Department of Niemölleresque Situations
Many of you, I'm sure, have heard the quote by Reverend Martin Niemöller that goes as follows:
"First they came for the Communists, but I was not a Communist so I did not speak out. Then they came for the Socialists and the trade unionists, but I was neither so I did not speak out. Then they came for the Jews, but I was not a Jew so I did not speak out. And when they came for me, there was no one left to speak out for me."
(Note: There are several versions of this quote in existence. Supposedly, the "true" one, recorded in the U.S. Congressional Record, is as follows: "When Hitler attacked the Jews I was not a Jew, therefore I was not concerned. And when Hitler attacked the Catholics, I was not a Catholic, and therefore, I was not concerned. And when Hitler attacked the unions and the industrialists, I was not a member of the unions and I was not concerned. Then Hitler attacked me and the Protestant church — and there was nobody left to be concerned.")
Regardless of what the actual quote is, what I want to say here is that we in the United States—those of us who are not male and Muslim or Arab or South Asian—are now in a Niemölleresque situation, given our government's recent decision to force airlines to hand over personal information on *all* passengers flying within the United States.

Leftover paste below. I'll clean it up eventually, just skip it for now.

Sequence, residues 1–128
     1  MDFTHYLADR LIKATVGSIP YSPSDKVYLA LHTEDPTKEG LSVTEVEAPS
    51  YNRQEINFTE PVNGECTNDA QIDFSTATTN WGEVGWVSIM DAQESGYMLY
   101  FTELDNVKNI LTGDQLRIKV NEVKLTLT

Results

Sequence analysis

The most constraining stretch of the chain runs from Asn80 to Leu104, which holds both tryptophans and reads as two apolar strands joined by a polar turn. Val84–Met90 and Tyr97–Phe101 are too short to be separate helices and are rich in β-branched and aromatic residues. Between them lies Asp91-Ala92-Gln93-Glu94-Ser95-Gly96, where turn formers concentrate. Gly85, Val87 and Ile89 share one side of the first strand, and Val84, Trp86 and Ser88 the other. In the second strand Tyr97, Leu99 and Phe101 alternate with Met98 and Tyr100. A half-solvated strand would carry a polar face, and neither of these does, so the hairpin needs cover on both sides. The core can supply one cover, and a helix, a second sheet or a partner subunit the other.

That is to say: First "they" did it to the Muslims, Arabs, and South Asians; then "they" did it to all foreigners; and now "they" are doing it to "us."
If this news disturbs you, you may also want to read this interview with the communications director of the Technology and Liberty Program at the American Civil Liberties Union.
Perhaps I am being an alarmist. But the fact is, the moment I learned that the World Trade Towers had been hit, back on Sept. 11, my first thought was, "Great. Now the government can use this as an excuse to clamp down on civil liberties." And of course that is what happened. So I feel inclined to trust my instincts on this, and my instincts tell me this is very bad.